How do lie detectors work?

Experts explain how lie detectors work, what happens in the brain when we tell lies and how accurate polygraph tests are.

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  • In a 2002 study, 60 percent of people were found to lie at least once during a 10-minute conversation, with most people telling an average of two or three lies. The polygraph, invented in the early 1920s, detects physiological responses to lying (such as elevated heart and respiratory rates as well as spikes in blood pressure.
  • Three main areas of the brain are stimulated during deception: the frontal lobe, the limbic system, and the temporal lobe.
  • According to the American Polygraph Association, the estimated accuracy of a polygraph can be up to 87 percent.
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Is it COVID-19 or anxiety? Here's how to tell the difference

Examining the differences between anxiety and COVID-19 symptoms and discussing the possibility of IAD (illness anxiety disorder) during a global pandemic.

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  • Anxiety can cause symptoms that may mimic (or have you worried about) coronavirus symptoms.
  • There are several symptoms of anxiety that are also symptoms of COVID-19, however, there are also key differences in the symptoms of both.
  • IAD (illness anxiety disorder) may also lead to some confusion about symptoms. The World Health Organization offers guidelines for when to seek medical attention.
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Equity made Estonia an educational front runner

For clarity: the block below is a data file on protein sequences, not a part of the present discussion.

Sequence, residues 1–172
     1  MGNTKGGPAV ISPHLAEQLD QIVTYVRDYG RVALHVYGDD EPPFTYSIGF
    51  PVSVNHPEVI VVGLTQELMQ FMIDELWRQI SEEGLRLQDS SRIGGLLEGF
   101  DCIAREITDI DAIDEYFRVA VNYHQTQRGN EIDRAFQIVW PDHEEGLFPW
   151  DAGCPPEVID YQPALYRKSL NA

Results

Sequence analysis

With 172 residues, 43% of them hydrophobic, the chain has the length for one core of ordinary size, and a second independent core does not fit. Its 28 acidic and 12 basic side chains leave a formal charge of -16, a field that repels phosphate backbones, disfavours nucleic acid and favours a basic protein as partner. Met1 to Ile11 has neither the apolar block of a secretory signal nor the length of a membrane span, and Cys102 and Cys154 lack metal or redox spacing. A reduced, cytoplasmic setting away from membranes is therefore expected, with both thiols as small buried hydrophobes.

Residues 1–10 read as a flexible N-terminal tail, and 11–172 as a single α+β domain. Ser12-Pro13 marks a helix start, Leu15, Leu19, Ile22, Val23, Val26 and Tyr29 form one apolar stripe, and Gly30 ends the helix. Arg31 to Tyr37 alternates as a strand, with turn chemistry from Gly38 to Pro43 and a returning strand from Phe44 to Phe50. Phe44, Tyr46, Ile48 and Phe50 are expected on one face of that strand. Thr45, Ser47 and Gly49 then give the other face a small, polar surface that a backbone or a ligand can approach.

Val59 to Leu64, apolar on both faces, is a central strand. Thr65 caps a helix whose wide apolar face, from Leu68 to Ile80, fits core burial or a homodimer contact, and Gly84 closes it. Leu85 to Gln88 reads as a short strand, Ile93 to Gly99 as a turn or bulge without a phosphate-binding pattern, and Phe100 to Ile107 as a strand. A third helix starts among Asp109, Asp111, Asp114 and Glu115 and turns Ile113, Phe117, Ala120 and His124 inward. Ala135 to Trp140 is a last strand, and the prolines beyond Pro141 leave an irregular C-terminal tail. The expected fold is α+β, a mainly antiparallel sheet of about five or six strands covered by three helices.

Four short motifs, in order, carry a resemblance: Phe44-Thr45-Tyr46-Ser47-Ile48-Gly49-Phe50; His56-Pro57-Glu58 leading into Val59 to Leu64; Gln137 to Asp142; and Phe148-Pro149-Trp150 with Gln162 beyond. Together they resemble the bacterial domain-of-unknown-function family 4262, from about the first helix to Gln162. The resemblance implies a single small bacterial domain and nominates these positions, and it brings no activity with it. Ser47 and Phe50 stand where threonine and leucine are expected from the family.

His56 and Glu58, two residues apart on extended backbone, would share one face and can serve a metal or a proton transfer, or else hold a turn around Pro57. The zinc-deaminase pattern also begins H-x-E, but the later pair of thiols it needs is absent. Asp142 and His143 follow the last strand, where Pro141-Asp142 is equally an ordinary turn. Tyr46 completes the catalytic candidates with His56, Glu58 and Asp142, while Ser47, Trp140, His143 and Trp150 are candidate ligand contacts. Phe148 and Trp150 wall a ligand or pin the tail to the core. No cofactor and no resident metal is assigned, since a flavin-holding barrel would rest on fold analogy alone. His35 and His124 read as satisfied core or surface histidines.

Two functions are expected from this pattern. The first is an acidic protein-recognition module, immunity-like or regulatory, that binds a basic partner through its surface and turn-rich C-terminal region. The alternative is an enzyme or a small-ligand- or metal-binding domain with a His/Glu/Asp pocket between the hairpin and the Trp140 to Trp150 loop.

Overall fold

Estonia has combined a belief in learning with equal-access technology to create one of world's best education systems.

  • Estonia became a top performer in the most recent PISA, a worldwide study of 15-year-old students' capabilities in math, reading, and science.
  • PISA data showed that Estonia has done remarkably well in reducing the gap between a student's socioeconomic background and their access to quality education.
  • The country's push toward providing equal-access to learning technology is a modern example of the culture's dedication to equity in education.
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Changing the way we grade students could trigger a wave of innovation

How students apply what they've learned is more important than a letter or number grade.

  • Schools are places where learning happens, but how much of what students learn there matters? "Almost all of our learning happens through experience and very little of it actually happens in these kinds of organized, contrived, constrained environments," argues Will Richardson, co-founder of The Big Questions Institute and one of the world's leading edupreneurs.
  • There is a shift starting, Richardson says, in terms of how we look at grading and assessments and how they have traditionally dictated students' futures. Consortiums like Mastery.com are pushing back on the idea that what students know can be reflected in numbers and letter grades.
  • One of the crucial steps in changing how things are done is first changing the narratives. Students should be assessed on how they can apply what they've learned, not scored based on what they know.
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This brain balancing act allows consciousness

Two types of thinking have a time-sharing deal going on in your brain.

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  • Your DMN and DAT neural networks cooperate by staying out of each other's way.
  • FMRI scans reveal a surprising temporal dance.
  • When both systems are at the same activity level, boom, you're unconscious.
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